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A city's catalyst

Principal in Lawrence struggles against odds

LAWRENCE -- This old mill town has had more than its fair share of misery. The trifecta of poverty, crime, and scandal has taken its toll. The schools have had a terrible ride. Visionary leadership over the years has been spotty. To most outsiders, the place is in the weeds.

Its travails contrast with what happened to its sister city up the Merrimack that a few decades ago was in pretty much the same shape.

Lowell may not be a garden spot today, but it has come a long way. Why? Start with two words: Paul Tsongas. The former Lowell city councilor who went on to become a United States senator did great things for his home town.

While it would be ludicrous to credit Tsongas alone with Lowell's success, he was a catalyst for change there. Among its other problems, Lawrence had no Tsongas, no such charismatic figure with brains and passion to take it places, and it shows.

As if it needed any more trouble, Lawrence got hit with flooding recently, which cost it the first week scheduled for MCAS testing. The Observer decided to motor north to see how it was faring.

The city is not Helsinki to me. I grew up across the river and harbor fond memories of Bishop's, its late, great Lebanese-American restaurant, and the ghost of A.B. Sutherland on Essex Street.

I wandered into a huge building on Haverhill. No particular reason. You've got to start somewhere. It turned out to be the Henry K. Oliver School -- 680 children, first through eighth grade. Ninety-seven percent Hispanic. Ninety-seven percent Hispanic. What's up with that?

What's up is that the school struggles with esprit and moxie to educate its students against long odds. Its MCAS performance can be harrowing and its progress thin. Yet principal Beth Gannon and Ginni Sirois , assistant principal for grades 5 through 8, support the much-reviled test. ``It has really raised the bar," Sirois said.

Parents registering their children at Oliver are asked to indicate where the youngsters were born. According to school data, 387 were born in the Dominican Republic and 240 in Puerto Rico. The combined 627 out of 680 seems wildly improbable.

What those figures reflect is the ethnicity of parents whose weak grasp of English led some of them to misinterpret the question, Gannon said. This year, Oliver received 30 children who arrived from other countries, all Hispanic.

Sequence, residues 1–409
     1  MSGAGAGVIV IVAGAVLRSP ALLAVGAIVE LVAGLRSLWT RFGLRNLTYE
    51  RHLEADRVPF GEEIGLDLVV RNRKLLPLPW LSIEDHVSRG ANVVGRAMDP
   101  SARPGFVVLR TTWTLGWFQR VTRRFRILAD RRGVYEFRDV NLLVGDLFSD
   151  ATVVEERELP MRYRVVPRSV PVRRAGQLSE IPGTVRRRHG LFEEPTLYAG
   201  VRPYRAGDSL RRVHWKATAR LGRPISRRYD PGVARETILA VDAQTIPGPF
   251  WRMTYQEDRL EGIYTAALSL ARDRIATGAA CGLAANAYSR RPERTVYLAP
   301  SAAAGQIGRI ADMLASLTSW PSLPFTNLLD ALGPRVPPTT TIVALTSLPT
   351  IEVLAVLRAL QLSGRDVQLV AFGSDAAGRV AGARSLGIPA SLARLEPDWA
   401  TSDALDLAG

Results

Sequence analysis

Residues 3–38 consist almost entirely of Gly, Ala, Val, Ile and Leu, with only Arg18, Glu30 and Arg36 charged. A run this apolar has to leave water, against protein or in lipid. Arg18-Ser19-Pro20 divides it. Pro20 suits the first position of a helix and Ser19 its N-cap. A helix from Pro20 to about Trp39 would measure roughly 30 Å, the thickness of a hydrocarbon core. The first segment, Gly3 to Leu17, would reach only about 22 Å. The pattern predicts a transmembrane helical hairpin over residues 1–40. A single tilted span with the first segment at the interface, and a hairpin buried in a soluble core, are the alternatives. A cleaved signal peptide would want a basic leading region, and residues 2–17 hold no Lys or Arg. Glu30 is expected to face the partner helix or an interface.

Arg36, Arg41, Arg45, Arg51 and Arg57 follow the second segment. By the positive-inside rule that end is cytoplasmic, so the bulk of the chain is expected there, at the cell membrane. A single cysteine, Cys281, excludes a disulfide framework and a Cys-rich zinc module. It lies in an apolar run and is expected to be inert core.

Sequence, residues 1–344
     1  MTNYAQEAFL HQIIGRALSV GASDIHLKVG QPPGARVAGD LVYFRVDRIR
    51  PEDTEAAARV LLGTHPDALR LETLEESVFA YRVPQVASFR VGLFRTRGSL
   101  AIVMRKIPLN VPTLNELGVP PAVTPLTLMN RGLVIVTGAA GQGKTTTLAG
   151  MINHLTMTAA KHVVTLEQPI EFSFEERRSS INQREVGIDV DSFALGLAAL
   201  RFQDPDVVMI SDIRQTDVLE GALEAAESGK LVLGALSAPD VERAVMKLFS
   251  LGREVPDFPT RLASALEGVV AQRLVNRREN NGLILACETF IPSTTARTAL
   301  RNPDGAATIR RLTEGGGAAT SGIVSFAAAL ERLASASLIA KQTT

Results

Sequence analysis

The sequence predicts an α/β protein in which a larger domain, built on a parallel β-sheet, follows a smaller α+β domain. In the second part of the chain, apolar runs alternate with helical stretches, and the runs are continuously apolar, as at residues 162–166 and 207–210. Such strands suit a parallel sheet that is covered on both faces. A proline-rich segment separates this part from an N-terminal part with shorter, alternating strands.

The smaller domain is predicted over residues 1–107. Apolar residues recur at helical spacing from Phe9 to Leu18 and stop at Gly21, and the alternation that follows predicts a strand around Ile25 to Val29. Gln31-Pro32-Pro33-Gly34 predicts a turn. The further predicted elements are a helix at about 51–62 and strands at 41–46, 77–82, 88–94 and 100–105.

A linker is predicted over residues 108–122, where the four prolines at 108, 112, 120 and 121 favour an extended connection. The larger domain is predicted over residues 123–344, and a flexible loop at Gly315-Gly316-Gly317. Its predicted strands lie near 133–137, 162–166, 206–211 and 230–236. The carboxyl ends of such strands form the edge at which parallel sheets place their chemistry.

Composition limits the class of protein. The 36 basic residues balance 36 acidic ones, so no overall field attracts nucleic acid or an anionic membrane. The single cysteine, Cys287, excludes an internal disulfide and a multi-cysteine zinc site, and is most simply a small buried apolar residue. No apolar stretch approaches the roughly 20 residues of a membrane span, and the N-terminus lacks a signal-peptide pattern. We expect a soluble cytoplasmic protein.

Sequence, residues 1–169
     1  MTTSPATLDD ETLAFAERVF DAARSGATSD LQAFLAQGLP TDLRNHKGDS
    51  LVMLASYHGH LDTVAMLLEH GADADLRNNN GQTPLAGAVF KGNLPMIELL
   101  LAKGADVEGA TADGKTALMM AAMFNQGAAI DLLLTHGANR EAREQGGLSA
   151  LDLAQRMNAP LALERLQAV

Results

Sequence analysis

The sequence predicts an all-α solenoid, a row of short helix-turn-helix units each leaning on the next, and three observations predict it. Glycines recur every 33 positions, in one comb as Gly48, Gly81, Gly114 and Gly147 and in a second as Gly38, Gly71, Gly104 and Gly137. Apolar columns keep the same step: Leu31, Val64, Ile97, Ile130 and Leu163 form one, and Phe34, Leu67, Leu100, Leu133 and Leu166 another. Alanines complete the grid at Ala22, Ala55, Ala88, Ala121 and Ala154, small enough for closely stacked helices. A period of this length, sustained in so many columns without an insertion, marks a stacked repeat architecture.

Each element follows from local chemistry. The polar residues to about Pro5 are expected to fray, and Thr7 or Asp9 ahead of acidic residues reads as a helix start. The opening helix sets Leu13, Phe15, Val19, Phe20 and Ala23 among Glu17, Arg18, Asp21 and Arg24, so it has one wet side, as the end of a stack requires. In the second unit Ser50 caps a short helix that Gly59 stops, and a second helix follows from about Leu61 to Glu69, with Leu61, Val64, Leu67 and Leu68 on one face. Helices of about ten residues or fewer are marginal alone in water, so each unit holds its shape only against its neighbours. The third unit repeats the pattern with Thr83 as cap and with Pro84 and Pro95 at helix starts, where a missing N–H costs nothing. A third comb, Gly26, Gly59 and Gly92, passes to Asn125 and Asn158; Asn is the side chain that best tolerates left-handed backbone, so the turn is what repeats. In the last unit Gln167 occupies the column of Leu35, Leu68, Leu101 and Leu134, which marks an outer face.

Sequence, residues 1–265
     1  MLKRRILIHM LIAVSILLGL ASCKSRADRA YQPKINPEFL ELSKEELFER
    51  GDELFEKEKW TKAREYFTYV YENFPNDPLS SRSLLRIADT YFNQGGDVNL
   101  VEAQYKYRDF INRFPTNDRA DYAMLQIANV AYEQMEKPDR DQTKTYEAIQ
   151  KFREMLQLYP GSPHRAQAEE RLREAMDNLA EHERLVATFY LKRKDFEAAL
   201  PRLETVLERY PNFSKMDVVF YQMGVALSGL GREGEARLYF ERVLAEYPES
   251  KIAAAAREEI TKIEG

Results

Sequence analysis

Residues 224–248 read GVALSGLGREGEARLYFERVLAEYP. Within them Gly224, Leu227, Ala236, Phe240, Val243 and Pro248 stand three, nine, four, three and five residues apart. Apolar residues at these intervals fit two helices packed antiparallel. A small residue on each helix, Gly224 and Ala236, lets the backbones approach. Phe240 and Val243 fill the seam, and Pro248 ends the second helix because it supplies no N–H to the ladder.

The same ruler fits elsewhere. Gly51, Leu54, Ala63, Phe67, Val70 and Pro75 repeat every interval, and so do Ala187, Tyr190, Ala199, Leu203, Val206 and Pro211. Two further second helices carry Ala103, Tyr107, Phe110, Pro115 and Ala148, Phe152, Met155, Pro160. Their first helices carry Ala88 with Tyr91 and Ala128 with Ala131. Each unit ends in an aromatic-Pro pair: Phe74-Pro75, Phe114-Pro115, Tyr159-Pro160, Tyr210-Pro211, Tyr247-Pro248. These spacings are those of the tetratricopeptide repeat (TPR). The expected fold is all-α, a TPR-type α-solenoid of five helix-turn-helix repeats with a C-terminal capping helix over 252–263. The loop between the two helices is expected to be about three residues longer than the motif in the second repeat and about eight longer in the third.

Oliver is grappling with the state-mandated, one-year English immersion program that replaced bilingual education three years ago.

Under immersion, children who qualify receive 2 1/2 hours of language training in small groups each school day for a school year.

Neither Gannon nor Sirois gnash their teeth over the demise of bilingual education. They say the new system works for most students.

``After the first year, the average child understands what the instructor is saying and can respond in English," Gannon said. They read on or near grade level. After the second year, they should be fully acclimated."

Some need more help, and Gannon has no compunction about giving it to them at a reduced level in the second year, usually through reading classes. This is still a far cry from the long arc of bilingual programs, well-meaning constructs that warped themselves out of existence.

``The law says you must do X," she says. ``But I'm not going to stop because today is the cut-off date. There's a little child sitting in front of you who needs more help. We're the professionals. We know how to assess a child."

Gannon noted the speed with which new students from other countries learn English depends in part on how well they speak their native language. If they speak it well, they have a frame of reference on which to build. If not -- and many don't -- they struggle. Gannon cites the case of a second-grader from the Dominican Republic who had never been in school and faces a tough haul with English.

Orlando, in contrast, cruised through English immersion last year in part because the 14-year-old from Puerto Rico had decent schooling there. He is headed to Greater Lawrence Technical School next year to learn auto mechanics.

Gannon, 33, is finishing her first year at Oliver. She came from a parochial school in Pittsfield that she said was about 97 percent white. She had four offers and chose Oliver over three comfy suburban situations. Sirois, 56, who grew up a few blocks from Oliver, never left Lawrence. She's been teaching Spanish, of all things, at the school since 1970, back when the school was full of Italians, Irish, and blacks. What both women share is grit.

``You have to have a certain level of Don Quixote in you to do this job," Gannon said. ``You have to go out and fight every day and then come back out again the next day. Everybody jokes about No Child Left Behind, but I took this job because of the commitment here to bring each child along."

Gannon gives me faith. She imparts the truth of the trenches. The thing about progress is you grab what you can and declare victory. Then you go back for more. Gannon practices what she preaches. I wonder how long she'll last.

Sam Allis can be reached at

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